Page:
Air Pollution is Damaging our Brains

Air Pollution is Damaging Our Brains

 

The brain is one of the most important, complex organs in the human body. It allows us to think, remember, and feel emotions. It is also responsible for intelligence and allows for basic functions to occur. It is what makes us human. Almost everyone is aware of the dangers of pollution to our planet and animals, but what about our brains?

 

Cities and towns around the world continue to become more dangerous, and everyday people are breathing in dangerous ozone. A lot of it is traffic-related air pollution. It enters through the lungs and affects many other organs as well. Research has shown that tiny air pollutants may cause changes in brain structure, and is associated with a lower IQ, decreased memory, decreased academic performance, ADHD, and Autism Spectrum Disorder.  A study published in the journal Proceedings of the National Academy of Sciences suggests that chronic exposure to air pollution is also causing other detrimental effects on cognition, increasing the risk factors for diseases such as dementia and Altzimhers.

 

In a study in China, researchers found that the group being harmed the most was less educated men. This test looked at verbal and math test scores and it showed how air pollution had a huge affect on the intelligence of people. Those who were exposed to higher amounts of pollution, especially on a sunny summer day, received much lower scores.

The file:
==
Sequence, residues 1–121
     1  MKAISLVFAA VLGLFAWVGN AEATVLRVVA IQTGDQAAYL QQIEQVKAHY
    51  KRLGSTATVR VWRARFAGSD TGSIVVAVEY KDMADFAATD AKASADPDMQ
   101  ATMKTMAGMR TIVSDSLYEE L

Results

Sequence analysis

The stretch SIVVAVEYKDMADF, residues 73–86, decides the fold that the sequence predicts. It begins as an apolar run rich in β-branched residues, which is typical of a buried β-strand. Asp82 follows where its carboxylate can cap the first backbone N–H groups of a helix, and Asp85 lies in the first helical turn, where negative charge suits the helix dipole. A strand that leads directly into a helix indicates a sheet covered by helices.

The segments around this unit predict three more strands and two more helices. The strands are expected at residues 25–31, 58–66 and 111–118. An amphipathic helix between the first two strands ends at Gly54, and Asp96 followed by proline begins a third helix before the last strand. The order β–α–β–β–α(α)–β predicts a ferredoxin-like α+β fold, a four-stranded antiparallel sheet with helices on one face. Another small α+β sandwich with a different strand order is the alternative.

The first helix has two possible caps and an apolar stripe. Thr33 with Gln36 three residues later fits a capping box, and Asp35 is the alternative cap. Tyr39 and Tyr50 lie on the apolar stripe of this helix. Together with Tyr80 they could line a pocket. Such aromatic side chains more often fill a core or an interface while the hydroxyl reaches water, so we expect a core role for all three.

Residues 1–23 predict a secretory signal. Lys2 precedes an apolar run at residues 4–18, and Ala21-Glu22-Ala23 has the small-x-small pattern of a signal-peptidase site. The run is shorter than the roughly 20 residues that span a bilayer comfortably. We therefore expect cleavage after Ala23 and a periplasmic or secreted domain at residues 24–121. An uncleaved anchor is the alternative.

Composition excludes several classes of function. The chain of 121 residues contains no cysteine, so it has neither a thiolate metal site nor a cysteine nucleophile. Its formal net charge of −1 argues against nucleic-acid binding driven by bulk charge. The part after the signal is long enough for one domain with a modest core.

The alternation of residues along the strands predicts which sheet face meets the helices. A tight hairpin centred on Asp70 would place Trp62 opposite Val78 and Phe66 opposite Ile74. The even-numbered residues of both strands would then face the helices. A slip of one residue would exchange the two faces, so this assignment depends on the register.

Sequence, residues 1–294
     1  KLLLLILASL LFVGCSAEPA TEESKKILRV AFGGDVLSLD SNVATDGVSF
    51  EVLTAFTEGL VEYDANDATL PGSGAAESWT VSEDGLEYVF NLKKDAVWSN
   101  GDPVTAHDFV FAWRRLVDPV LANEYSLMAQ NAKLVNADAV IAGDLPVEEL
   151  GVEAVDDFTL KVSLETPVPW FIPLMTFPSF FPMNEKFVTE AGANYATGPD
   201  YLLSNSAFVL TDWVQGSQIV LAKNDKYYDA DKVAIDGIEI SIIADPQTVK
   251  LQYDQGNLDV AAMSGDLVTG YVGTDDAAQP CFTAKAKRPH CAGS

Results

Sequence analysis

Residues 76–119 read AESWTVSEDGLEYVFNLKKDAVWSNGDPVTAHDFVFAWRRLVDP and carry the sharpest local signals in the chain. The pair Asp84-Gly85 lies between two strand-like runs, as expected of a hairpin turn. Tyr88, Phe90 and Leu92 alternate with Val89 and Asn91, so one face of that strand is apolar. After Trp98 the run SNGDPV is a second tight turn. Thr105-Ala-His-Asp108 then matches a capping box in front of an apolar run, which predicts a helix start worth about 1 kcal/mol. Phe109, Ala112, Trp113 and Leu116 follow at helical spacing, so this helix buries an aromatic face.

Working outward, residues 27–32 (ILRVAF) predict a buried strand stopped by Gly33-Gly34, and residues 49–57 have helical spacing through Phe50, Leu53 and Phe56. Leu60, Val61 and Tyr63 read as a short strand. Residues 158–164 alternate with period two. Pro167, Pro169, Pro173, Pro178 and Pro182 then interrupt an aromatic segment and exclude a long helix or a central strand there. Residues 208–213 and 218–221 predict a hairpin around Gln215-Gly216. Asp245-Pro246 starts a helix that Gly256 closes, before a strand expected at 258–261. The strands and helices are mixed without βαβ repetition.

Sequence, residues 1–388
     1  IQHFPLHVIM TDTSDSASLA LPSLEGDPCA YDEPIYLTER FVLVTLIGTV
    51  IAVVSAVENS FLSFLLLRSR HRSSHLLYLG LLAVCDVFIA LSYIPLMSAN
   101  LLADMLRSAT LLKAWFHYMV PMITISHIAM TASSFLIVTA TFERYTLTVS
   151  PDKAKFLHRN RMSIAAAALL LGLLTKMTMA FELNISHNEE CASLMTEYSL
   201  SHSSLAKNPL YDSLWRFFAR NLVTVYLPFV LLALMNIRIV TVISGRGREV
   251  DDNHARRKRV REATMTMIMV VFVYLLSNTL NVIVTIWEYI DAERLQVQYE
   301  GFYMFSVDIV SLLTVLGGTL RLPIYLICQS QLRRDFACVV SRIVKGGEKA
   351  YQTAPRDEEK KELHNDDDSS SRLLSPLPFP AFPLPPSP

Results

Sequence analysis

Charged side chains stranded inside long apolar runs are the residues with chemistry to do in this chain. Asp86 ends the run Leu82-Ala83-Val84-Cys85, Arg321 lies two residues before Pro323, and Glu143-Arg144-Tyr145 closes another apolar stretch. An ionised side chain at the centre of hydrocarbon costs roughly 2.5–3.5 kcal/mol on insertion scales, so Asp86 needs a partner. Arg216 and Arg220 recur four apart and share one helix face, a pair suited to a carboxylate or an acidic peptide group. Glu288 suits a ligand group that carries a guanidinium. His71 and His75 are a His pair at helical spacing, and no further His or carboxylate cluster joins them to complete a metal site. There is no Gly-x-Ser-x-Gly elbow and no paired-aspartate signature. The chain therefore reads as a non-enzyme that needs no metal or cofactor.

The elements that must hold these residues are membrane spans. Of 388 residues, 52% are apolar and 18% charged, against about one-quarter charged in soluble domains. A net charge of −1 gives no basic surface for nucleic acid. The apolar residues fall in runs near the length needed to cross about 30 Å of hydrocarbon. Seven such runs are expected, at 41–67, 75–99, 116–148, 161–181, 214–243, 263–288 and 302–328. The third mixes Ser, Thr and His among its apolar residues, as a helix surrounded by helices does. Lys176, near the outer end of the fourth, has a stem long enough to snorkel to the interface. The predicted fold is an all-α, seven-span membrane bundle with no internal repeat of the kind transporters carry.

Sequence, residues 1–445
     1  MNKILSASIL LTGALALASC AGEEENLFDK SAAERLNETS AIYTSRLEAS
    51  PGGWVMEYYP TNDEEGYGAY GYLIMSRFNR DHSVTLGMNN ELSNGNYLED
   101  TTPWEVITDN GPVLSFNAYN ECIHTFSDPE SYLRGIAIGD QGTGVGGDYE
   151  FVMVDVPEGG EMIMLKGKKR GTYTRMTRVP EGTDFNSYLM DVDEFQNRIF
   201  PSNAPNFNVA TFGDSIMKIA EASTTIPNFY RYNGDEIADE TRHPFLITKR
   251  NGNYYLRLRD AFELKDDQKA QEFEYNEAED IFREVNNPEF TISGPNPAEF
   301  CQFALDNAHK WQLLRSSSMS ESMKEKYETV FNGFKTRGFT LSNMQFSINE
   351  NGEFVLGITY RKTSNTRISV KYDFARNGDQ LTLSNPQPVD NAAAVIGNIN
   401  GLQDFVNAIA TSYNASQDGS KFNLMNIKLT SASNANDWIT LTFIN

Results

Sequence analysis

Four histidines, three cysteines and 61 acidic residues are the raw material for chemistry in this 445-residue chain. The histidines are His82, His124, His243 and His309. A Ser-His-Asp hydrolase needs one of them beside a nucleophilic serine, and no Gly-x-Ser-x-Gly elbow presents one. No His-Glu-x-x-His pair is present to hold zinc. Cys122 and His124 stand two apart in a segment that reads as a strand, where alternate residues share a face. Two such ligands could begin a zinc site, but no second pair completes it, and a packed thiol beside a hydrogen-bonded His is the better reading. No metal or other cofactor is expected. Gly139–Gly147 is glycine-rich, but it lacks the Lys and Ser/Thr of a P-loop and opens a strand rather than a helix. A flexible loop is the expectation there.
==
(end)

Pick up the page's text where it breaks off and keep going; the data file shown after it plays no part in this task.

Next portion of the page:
Children’s brains are also suffering the impact of pollution. A study by Frederica Perera in New York studied a group of children from birth until around age six or seven. They found that children who had been exposed to higher levels of polycyclic aromatic hydrocarbons (air pollutants) in the womb experienced more attention problems and symptoms of anxiety and depression during childhood. Another study conducted by Shakira Franco Suglia, ScD, an assistant professor at Boston University’s School of Public Health, found that children exposed to higher levels of black carbon scored worse on tests of memory, verbal IQ, and nonverbal IQ.

 

Not only should we be concerned about the effects of air pollution on our environment, we also have reasons to be concerned about its effect on the human body. Not only does it increase the chances of lung and heart disease, it can affect the way that we think. It permanently affects vascular structures in the brain, causing cognitive problems.